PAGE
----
Thanks for your post. How gruesome, I'm so sorry. We know that many women similarly report this intense pain and just have no idea what they're going to experience when they agree to the procedure.
We've been working with the amazing women at Hysteroscopy Action to build on their campaigning to demand safer and pain free care with women being fully informed before they consent.
@Claire Cox and I have been a little deflected with the pandemic but we're very keen to re-active our work on this important issue. Thanks for sharing.
We must stop this happening.
Great that Royal Free have recognised the necessity of supporting staff at this very difficult time. Wondeful that your skills, energey and compassion are being released to support this. Please do keep us in touch with insights into how its all going. I'm sure there's valuable learning that others can benefit from. Best wishes, Helen
I worry that the new NHSI PS incident framework allows organisations to chose whether they investigate or not. Those with poor safety cultures could chose to avoid proper investigation. No learning and no action will inevitably lead to further harm @Joanne Hughes
There is much that is well intentioned in this framework. I think there is much that will not achieve the aims and may result in serious unintended consequences. I'm drafting a blog to kick off discussion.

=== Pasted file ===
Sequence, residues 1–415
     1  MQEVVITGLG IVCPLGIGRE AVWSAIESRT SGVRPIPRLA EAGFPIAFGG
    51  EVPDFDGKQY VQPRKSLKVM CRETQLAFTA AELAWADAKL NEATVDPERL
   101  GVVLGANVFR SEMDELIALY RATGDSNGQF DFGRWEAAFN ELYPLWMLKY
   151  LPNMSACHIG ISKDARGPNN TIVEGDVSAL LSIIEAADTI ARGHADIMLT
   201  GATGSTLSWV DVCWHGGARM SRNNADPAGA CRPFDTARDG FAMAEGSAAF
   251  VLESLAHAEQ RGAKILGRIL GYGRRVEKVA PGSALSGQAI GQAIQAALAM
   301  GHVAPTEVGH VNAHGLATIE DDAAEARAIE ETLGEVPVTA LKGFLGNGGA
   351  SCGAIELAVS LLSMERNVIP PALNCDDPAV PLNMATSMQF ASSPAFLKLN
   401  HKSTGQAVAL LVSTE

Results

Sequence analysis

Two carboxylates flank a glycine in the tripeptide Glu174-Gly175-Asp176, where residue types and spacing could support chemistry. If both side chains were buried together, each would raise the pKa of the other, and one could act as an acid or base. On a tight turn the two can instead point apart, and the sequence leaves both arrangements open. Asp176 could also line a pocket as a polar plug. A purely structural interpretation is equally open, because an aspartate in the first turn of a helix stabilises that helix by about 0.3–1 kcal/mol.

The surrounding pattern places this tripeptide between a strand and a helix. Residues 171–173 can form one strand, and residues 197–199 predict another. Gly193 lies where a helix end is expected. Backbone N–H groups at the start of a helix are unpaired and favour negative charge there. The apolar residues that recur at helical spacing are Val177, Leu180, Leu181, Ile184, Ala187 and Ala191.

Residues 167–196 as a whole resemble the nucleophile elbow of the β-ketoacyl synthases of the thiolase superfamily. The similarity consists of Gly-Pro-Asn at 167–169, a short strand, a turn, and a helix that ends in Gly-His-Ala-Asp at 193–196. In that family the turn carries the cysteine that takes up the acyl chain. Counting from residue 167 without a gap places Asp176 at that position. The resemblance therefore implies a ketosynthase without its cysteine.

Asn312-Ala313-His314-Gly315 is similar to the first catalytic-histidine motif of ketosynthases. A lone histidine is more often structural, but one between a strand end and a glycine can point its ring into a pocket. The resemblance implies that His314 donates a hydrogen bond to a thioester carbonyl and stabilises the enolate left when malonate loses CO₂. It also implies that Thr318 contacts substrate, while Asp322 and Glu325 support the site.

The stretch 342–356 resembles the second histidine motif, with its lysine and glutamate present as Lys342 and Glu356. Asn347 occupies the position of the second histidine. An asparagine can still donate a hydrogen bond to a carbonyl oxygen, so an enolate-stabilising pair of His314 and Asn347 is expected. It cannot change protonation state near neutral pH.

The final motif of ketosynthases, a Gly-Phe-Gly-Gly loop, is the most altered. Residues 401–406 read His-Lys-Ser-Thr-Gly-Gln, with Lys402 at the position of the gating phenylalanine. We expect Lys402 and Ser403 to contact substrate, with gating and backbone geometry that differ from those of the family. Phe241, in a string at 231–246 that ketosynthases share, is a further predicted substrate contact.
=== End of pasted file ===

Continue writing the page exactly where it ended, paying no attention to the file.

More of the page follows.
James says 'If our understanding of, and our systems for, patient feedback are limited to seeing it simply as data, concerns, compliments, or even stories, then I think we are missing this bigger picture. Feedback is a relationship. It is one way that people receiving a service can express their care, in return, for those who provide it, and for others who will use it. It is an expression of the values of equality and mutuality which lie at the heart of our health service.
Our current approaches to patient feedback recognise little of this – and it is time they did.'
Absolutely. Completely agree
Brilliant as ever @MartinL I learn so much from your insights and advice.
I wonder whether the NHSI Patient Safety Incident Response Framework will reflect this wisdom? https://improvement.nhs.uk/resources/future-of-patient-safety-investigation/
'it is up to the investigator/team to establish the facts including obtaining information from those involved' Absolutely. One of the challenges that we hear is whether such people/teams have the capacity to respond as you outline. Commitment and knowledge does need to be matched with sufficient resources to investigate, learn and then take action.
Any insights that you have of good practice, we'd love to hear from you - in a blog or sharing policies, SOPs, guidance etc.
I think collectively that many have forgotten that reporting is about learning and taking action to prevent errors and harm. It’s not an activity my it’s own right! It’s also part of caring for and an accountability to staff, saying that we your concerns matter and we’re going to take them seriously.
Danielle, I love your suggestions. We’re going to be collating examples of great practice to share and we’ll start with these! If you’ve more detailed information or would write a blog on what you do and the impact it has, that would be wonderful. email@example.com